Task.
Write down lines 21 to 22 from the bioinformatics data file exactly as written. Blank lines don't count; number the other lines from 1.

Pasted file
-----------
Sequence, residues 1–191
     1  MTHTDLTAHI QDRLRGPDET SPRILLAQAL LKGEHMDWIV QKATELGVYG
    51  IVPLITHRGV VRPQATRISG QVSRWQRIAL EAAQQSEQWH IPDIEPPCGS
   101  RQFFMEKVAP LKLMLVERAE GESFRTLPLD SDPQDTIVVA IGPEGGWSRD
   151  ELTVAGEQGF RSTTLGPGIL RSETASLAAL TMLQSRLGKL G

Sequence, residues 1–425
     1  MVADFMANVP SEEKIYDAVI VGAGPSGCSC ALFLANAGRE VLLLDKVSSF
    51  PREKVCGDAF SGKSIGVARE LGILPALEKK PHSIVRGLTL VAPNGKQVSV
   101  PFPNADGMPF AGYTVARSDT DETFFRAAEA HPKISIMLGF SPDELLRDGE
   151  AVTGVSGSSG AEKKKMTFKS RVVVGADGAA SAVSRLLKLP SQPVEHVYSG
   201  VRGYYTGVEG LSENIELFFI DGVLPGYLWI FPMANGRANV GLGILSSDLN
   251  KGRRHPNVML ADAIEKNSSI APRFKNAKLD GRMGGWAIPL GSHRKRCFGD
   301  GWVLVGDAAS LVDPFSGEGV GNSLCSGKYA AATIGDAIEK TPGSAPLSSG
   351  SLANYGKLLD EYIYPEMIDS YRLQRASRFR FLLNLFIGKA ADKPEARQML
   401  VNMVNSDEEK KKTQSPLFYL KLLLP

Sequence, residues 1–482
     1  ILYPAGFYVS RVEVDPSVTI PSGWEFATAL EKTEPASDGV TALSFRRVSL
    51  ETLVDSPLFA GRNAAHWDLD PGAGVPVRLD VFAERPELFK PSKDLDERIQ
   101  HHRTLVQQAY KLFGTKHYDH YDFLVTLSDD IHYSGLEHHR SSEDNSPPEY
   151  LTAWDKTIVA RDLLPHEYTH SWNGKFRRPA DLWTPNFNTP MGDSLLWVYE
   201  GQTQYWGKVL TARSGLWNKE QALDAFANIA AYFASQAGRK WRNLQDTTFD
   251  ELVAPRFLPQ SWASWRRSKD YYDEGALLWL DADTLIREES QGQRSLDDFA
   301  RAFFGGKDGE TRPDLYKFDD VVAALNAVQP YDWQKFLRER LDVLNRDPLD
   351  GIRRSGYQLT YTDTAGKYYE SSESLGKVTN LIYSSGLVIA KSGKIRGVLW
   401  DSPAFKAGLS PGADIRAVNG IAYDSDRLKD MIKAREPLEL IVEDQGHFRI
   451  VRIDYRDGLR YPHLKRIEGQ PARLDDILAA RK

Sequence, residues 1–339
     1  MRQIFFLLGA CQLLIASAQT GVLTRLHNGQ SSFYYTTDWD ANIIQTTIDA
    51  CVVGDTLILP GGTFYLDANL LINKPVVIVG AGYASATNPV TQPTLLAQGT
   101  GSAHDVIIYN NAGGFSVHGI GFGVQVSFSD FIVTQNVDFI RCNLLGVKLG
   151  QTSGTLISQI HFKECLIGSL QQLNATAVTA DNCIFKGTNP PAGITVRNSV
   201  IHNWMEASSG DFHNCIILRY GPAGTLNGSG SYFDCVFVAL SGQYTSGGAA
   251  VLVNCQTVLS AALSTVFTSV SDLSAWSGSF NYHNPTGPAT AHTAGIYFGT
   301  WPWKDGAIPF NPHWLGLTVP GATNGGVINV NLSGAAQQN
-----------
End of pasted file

   201  GQTQYWGKVL TARSGLWNKE QALDAFANIA AYFASQAGRK WRNLQDTTFD
   251  ELVAPRFLPQ SWASWRRSKD YYDEGALLWL DADTLIREES QGQRSLDDFA